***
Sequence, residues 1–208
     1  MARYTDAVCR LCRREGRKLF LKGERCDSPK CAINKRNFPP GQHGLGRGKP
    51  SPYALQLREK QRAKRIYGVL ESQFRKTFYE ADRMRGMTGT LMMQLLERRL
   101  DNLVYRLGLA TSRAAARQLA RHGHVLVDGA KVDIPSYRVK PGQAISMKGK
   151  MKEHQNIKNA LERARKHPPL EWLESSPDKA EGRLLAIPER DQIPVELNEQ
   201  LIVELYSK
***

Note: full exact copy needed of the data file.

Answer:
Sequence, residues 1–208
     1  MARYTDAVCR LCRREGRKLF LKGERCDSPK CAINKRNFPP GQHGLGRGKP
    51  SPYALQLREK QRAKRIYGVL ESQFRKTFYE ADRMRGMTGT LMMQLLERRL
   101  DNLVYRLGLA TSRAAARQLA RHGHVLVDGA KVDIPSYRVK PGQAISMKGK
   151  MKEHQNIKNA LERARKHPPL EWLESSPDKA EGRLLAIPER DQIPVELNEQ
   201  LIVELYSK